Breaking news update:

Los Angeles County will allow nail salons and shopping malls to reopen with indoor operations at reduced capacity, officials said at a Wednesday news conference.

“We’ll proceed with a staggered approach to reopenings that will go over the next 10 days, and we’ll finalize the dates for each sectors reopening by Friday,” Health Director Barbara Ferrer said.

Cardrooms will be allowed to reopen for outdoor gaming only and without serving food and beverages.

Indoor shopping malls will also be allowed to reopen over the next 10 days at 25% maximum occupancy, but all food courts and common areas have to stay closed.

Nail salons will be allowed to reopen for some indoor services again, but limited at 25% occupancy. Officials encourage the salons to continue offering services outdoors, “where the air circulation is better and there’s lower risk of disease transmission,” Ferrer said.

The county is also allowing outdoor playgrounds to reopen — but only with the approval and at the discretion of the cities where they’re located or the County Parks and Recreation Department, Ferrer said.

All parents and children aged two and older have to wear face coverings at the playgrounds and they can’t eat or drink in the playground area.

L.A. County on Tuesday announced it will allow breweries and wineries to reopen for outdoor services starting next week.

Check back for updates on this developing story.

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Los Angeles County public health officials are set to provide the latest updates on the COVID-19 pandemic at 1 p.m. Wednesday.

The news conference comes after the county announced it will begin accepting applications for waivers to reopen elementary schools for in-person instruction for grades TK-2 in early October.

The health department will review applications for 30 schools each week and will prioritize issuing waivers to schools with the most students qualifying for free or reduced meals, according to the Department of Public Health.

But even as the county begins to allow the additional reopenings, officials said caution is necessary.

 “We have to remember that with every re-opening there is increased risk for COVID-19 transmission,” Health Director Barbara Ferrer said in a Tuesday statement. “Our cautious approach to re-opening, thus far, has led to slight decreases of daily cases, hospitalizations and deaths, and we will continue to move cautiously so that we can consider safely reopening additional services and businesses in the near future.”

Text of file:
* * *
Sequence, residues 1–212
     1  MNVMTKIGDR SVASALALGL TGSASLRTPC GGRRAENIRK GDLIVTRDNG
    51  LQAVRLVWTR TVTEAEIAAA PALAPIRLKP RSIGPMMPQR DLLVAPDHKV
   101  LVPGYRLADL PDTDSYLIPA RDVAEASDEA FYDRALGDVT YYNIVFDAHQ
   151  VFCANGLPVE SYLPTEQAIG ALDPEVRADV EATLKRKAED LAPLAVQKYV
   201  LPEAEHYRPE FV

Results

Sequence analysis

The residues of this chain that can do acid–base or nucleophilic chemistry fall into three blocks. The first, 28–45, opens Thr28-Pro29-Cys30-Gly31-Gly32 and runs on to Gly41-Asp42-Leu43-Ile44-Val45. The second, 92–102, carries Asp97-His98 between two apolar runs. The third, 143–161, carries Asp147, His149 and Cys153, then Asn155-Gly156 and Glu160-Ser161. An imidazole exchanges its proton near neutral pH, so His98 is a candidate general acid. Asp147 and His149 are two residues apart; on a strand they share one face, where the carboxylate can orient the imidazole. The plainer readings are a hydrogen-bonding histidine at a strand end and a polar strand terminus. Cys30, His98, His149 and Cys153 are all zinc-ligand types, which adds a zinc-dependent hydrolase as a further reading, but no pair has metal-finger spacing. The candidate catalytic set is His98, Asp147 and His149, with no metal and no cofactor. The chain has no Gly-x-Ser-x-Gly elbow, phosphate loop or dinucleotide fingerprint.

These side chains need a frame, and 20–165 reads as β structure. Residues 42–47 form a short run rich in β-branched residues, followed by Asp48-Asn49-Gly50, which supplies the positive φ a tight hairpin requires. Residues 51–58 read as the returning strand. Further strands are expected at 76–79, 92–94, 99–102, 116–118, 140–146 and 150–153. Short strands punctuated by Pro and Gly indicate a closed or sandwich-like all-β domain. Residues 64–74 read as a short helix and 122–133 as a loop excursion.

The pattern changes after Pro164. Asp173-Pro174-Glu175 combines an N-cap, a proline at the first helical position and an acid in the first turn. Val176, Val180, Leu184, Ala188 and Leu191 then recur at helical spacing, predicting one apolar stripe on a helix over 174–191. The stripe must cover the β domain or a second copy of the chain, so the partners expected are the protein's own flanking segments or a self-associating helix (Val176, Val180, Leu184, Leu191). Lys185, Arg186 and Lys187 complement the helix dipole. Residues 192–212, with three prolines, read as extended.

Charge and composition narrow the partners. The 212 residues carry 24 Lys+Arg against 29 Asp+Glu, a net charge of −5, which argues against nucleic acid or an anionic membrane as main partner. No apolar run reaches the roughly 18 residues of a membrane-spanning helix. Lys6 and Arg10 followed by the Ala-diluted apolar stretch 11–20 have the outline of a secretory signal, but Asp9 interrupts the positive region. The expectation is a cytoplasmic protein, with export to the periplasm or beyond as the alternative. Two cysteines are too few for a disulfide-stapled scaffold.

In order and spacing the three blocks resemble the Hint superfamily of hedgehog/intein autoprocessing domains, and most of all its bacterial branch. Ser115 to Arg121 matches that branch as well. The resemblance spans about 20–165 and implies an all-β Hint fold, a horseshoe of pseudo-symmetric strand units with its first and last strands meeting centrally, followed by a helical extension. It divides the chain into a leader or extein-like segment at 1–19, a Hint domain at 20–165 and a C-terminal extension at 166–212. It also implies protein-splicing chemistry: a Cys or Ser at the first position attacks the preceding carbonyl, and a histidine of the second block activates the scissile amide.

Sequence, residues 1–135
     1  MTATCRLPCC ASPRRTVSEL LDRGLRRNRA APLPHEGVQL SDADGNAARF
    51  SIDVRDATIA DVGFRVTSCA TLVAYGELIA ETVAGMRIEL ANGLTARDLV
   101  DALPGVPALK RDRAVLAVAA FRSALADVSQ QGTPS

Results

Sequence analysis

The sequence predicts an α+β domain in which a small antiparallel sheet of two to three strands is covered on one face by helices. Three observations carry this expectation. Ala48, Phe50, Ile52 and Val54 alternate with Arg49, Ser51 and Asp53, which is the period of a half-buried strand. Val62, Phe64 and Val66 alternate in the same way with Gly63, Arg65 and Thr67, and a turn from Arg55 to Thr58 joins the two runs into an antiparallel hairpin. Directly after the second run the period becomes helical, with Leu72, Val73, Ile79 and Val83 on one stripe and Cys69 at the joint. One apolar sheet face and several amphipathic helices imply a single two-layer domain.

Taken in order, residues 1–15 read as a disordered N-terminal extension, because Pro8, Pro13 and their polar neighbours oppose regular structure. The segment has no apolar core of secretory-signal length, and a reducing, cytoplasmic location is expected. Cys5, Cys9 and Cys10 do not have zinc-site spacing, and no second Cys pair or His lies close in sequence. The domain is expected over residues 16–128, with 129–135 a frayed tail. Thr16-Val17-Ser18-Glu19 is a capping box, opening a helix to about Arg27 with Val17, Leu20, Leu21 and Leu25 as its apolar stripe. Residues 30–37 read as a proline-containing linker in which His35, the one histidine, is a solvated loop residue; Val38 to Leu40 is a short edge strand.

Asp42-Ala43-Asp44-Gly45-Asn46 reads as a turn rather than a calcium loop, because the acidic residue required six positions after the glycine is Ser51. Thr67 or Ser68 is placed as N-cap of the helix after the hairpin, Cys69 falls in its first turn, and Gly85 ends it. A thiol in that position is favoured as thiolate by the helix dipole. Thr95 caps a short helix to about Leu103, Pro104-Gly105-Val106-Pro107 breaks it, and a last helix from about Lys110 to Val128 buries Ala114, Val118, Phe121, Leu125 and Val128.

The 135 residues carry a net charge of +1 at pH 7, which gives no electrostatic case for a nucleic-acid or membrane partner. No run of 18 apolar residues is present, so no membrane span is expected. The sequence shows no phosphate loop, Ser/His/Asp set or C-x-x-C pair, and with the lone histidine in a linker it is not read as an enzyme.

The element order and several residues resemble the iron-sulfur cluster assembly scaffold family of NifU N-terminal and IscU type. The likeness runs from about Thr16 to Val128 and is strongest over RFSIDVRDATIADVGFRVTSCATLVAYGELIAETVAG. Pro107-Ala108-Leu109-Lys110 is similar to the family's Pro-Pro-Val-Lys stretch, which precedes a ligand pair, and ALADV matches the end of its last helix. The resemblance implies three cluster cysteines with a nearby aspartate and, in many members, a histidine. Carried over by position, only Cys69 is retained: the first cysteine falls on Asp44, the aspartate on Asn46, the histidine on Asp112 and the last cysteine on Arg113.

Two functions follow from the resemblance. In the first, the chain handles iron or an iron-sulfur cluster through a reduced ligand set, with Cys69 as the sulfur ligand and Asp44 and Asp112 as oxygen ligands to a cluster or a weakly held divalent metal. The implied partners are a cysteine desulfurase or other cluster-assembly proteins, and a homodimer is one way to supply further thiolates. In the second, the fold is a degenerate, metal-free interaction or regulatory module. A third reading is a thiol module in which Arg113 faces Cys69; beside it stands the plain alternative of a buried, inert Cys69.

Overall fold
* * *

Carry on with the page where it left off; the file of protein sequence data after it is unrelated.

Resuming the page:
The health department will be “meticulously” reviewing waiver applications to make sure campuses that do open their doors to students have the protocols in place to curb the spread of the virus, Ferrer said.

Currently, schools in L.A. County can’t reopen for in-person instruction because the region still lingers on the purple tier — the the most restrictive phase of the state’s four-tier, color-coded system for reopenings.

That could change if the county can get its daily coronavirus case rate to 7 cases or fewer per 100,000 residents and stays there for two weeks. Currently, L.A. County has a case rate of 7.3, officials said.

L.A. County has met the other state requirement to advance onto the red tier.

The county’s coronavirus test positivity rate stands at 2.9% — a figure far lower than what’s required for L.A. County to move onto the next stage, the red tier, which would allow additional reopenings.

COVID-19 hospitalizations have been declining and the county avoided a major surge in cases that was feared after Labor Day holiday.

“The County remains in Tier 1 because the daily case rate indicates there is still widespread transmission in our communities,” the health department said in a news release.

As of Tuesday, L.A. County recorded a total of 269,284 coronavirus cases with 6,551 deaths.

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By Kelley Wheeler

Kelley Wheeler is a Metro reporter covering political issues and general assignments. A second-generation journalist, worked with all major news outlet, she holds a vast expeirience. Kelley is a graduate of USC with degrees in journalism and English literature. She is a recipient of Yale’s Poynter Fellowship in Journalism.

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